CNOOC-Nexen deal wins U.S. approval, its last hurdle
By Roberta Rampton and Scott Haggett
WASHINGTON/CALGARY (Reuters) - U.S. regulators have approved the $15.1 billion takeover of Canadian oil and gas company Nexen Inc by China's state-owned CNOOC Ltd, removing the final obstacle to the Asian country's largest-ever foreign takeover.
The deal to buy Calgary, Alberta-based Nexen had already passed regulatory muster in Canada and Europe. But approval from the Committee on Foreign Investment in the United States (CFIUS) was also needed because Nexen has U.S. interests.
Nexen said on Tuesday that CFIUS had given the green light and that it expects the deal to close the week of February 25, seven months after China's top offshore oil and gas producer made its bid of $27.50 a share.
The Nexen statement did not indicate whether CFIUS had imposed conditions on the approval, and company officials were not available for comment.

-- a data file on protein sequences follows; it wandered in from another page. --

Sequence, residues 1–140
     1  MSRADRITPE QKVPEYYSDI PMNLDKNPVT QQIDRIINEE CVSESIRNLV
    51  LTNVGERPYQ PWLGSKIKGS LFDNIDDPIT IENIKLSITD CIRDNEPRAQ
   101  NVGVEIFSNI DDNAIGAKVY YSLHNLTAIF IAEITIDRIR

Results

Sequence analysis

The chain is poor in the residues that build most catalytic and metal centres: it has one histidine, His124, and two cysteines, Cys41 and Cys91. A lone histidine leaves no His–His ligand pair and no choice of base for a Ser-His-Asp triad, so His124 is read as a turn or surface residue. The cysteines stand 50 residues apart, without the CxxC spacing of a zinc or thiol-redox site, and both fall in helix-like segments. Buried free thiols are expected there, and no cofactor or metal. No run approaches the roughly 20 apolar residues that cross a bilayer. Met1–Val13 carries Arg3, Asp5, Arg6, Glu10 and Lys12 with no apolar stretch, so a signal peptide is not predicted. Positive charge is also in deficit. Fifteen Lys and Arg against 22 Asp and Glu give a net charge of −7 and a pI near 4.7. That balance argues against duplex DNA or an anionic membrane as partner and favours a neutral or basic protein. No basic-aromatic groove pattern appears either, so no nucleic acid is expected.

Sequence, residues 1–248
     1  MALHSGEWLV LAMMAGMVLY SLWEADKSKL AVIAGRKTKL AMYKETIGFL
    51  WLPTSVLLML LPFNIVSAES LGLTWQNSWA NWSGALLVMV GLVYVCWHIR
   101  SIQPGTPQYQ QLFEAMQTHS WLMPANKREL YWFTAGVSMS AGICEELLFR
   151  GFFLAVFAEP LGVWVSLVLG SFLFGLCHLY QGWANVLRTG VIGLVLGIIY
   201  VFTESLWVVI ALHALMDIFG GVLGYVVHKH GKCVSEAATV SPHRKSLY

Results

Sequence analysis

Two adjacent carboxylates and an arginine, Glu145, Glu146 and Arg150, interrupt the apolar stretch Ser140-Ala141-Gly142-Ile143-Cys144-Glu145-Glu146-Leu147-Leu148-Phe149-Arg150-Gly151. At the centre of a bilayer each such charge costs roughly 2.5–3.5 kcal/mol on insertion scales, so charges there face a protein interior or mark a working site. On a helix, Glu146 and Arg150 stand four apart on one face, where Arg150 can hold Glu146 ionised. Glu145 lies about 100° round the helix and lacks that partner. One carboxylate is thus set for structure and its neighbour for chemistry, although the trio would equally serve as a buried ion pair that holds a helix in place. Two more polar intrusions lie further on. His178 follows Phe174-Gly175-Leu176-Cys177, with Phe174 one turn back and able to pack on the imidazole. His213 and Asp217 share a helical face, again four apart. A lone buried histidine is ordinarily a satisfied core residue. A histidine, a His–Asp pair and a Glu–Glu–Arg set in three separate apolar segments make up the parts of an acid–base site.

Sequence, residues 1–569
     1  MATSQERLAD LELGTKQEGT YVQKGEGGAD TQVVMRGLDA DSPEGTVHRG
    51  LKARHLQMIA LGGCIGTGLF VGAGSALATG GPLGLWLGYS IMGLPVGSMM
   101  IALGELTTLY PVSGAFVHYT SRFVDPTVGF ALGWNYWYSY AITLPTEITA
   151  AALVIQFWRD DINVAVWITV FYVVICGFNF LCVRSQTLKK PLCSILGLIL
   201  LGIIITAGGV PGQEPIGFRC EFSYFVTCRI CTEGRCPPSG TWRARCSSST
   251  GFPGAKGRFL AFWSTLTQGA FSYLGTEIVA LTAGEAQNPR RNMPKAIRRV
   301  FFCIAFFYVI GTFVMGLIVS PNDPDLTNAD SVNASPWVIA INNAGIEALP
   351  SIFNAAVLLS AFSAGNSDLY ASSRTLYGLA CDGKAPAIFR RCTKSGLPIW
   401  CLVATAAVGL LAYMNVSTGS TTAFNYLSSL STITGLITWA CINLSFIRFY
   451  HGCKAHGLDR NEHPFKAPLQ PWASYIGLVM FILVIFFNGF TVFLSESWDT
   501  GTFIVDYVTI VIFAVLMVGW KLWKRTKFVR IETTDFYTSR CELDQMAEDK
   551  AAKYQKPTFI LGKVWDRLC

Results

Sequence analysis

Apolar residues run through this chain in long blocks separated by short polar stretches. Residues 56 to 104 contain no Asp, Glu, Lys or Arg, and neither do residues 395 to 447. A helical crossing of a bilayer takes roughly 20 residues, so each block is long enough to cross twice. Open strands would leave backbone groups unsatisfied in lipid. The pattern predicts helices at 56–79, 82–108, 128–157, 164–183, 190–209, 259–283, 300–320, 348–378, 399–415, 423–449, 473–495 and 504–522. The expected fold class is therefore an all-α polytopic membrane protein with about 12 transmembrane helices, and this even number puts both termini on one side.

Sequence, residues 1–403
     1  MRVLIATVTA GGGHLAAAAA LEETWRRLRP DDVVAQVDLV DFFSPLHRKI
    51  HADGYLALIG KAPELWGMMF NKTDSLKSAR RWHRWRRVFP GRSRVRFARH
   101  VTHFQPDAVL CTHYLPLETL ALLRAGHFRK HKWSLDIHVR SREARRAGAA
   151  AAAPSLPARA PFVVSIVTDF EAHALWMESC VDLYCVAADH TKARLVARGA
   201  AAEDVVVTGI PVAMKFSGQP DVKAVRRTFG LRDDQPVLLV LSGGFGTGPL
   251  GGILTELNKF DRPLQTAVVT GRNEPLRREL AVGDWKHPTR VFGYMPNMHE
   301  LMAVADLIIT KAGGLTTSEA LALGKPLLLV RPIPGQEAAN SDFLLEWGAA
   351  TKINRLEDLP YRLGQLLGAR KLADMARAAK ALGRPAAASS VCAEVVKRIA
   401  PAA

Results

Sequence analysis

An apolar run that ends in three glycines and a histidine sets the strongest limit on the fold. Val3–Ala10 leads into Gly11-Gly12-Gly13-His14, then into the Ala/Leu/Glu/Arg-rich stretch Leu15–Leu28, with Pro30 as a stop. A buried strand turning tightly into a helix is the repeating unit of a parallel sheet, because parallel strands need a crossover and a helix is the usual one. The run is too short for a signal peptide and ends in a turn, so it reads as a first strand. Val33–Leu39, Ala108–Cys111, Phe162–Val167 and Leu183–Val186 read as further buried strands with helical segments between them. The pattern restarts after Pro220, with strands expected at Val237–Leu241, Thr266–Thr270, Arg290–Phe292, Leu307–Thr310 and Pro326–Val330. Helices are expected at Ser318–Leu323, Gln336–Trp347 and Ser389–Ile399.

Nexen's shares climbed 2 percent to just below the offer price on Tuesday, closing at $27.43, their highest level since CNOOC made its bid for Nexen on July 23 last year.
The U.S. approval came even though widespread distrust of U.S. investments by Chinese companies has lingered since CNOOC's 2005 attempt to buy Unocal Corp for $18.5 billion, a deal that foundered on U.S. national security concerns.
Late last month, CFIUS cleared a bid by the U.S. unit of China's Wanxiang Group to buy bankrupt A123 Systems Inc, a maker of electric car batteries, although some lawmakers warned the deal would lead to the transfer of sensitive technology developed with U.S. government funding.
CNOOC's success in navigating the CFIUS approval process "is likely to be viewed as a positive development," said Joshua Zive, senior counsel at Bracewell & Guiliani, a Washington law and lobbying firm. "That, in the current climate, is a moment of significance." Continued...